Of the 17 UN Sustainable Development Goals, The House of LR&C brands are aligned with the following:

1. No Poverty: End poverty in all its forms everywhere.

3. Good Health & Well-Being: Ensure healthy lives and promote well-being for all at all ages.

4. Quality Education: Ensure inclusive and equitable quality education and promote lifelong learning opportunities for all.

8. Decent Work & Economic Growth: Promote sustained, inclusive, and sustainable economic growth, full and productive employment, and decent work for all.

10. Reduced inequalities: Reduce inequality within and among countries.

12. Responsible Consumption & Production: Ensure sustainable consumption and production patterns.

16. Peace, Justice & Strong Institutions: Promote peaceful and inclusive societies for sustainable development, provide access to justice for all, and build effective, accountable, and inclusive institutions at all levels.


While Sustainability is everyone's responsibility, many teams use tangible targets to ensure sustainability is reflected in every stage of a product’s life cycle.

Led by our Chief Sustainability Officer, we work with the best product developers, sourcing experts, raw-material innovators, and sustainability experts.


We believe sustainability and transparency go hand in hand. Our Goods Mandate outlines where we are today while helping us chart the course for a better tomorrow.

We created four categories that classify how we operate within each main stage in a product’s life cycle (design, manufacturing, packaging, distribution, and consumer use): Never, Basic, Better, Best.

The Never category includes suppliers that use child labor, human trafficking, and bonded labor, or suppliers that don’t have pollution-mitigation measures in place. We’re working on hitting the Best category across the board, but we know it’ll take some time to get there.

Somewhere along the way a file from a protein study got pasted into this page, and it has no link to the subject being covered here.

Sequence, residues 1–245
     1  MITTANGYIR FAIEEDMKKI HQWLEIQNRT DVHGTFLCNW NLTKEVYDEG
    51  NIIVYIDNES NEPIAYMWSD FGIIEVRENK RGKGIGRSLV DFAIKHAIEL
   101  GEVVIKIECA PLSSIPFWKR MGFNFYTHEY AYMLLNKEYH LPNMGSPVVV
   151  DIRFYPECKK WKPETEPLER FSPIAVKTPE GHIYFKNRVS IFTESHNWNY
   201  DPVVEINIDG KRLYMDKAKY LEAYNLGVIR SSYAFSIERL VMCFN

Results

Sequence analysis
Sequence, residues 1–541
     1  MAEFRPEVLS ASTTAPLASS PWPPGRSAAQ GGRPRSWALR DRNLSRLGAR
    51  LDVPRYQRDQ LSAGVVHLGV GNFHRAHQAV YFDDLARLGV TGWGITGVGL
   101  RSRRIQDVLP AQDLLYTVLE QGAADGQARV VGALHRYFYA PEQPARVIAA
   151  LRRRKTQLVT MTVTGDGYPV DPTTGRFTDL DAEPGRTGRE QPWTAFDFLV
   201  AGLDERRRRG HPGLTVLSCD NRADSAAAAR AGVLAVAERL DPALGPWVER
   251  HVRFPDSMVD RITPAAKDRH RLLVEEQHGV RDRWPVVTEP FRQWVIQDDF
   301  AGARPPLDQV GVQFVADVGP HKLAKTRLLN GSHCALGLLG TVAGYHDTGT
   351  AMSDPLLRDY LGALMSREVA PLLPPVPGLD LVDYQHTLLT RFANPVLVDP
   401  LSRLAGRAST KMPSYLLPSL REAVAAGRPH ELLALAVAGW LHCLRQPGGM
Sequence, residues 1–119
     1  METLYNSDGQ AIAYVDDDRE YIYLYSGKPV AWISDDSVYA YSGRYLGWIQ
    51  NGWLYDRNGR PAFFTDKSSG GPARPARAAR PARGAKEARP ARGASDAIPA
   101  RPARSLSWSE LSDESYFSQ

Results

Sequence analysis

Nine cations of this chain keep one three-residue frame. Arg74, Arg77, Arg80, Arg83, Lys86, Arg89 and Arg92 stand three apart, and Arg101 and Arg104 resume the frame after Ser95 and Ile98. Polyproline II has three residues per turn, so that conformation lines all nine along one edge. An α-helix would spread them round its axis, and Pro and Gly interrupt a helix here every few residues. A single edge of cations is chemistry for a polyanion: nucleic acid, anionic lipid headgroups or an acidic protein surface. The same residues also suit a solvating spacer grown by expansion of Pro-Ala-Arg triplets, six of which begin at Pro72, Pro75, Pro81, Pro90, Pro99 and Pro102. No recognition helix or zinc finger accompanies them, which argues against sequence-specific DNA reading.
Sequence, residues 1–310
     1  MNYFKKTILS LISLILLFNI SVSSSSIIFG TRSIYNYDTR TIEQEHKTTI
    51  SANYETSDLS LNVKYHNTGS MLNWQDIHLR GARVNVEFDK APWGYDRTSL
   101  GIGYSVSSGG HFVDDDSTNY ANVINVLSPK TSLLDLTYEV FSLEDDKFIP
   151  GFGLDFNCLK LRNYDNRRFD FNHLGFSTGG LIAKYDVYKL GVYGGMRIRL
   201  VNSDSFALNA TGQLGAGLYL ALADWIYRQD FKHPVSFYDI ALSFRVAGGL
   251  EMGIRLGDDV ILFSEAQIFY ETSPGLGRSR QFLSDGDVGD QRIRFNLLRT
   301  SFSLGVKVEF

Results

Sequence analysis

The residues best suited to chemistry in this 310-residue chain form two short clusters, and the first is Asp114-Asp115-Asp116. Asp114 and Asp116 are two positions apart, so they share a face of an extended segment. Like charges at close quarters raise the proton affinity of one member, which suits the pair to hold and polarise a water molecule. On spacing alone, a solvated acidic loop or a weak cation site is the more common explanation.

We know that two-thirds of a product’s total impact is based on the materials used to make it. So, our Goods Mandate requires that over 70% of our materials come from the Better and Best buckets. While we aren't there yet, we are making great strides and get closer every season.


We’re a proud member of the B Corp community, a group of companies focused on using the power of business as a force for social, environmental, and economic good.

The B Corp model gives us the kind of third-party vetting that helps ensure we’re always putting our mission and values first—and continuously getting better at it—as we grow and evolve. Learn more


HUMAN nation

On average, over 90% of Human Nation fabrics meet our Best or Better standards (as defined in our Goods Mandate).

We also use DRIPSHIELD™—an anti-stain, odor-resistant technology—on key items to help reduce washing. All packaging is 100% compostable or recycled. And in 2021, we introduced natural dyes.


We’re working on sourcing at least 70% of Good Man Brand fabrics from our Best or Better categories (as defined in our Goods Mandate), with a long-term goal of 100%.


All packaging is home compostable or recycled, and 70% of pieces use fabrics from our Best or Better categories (as defined in our Goods Mandate). Our goal is to get to over 90% as we bring on new partners and invest in fabric technologies.


Responsible Production


We only drop small, limited-edition collections twice a year to complement a core assortment of relevant, beautifully crafted silhouettes.


With the help of technology and community feedback, we produce small batches, buying as close to demand as possible to prevent overproduction
and waste.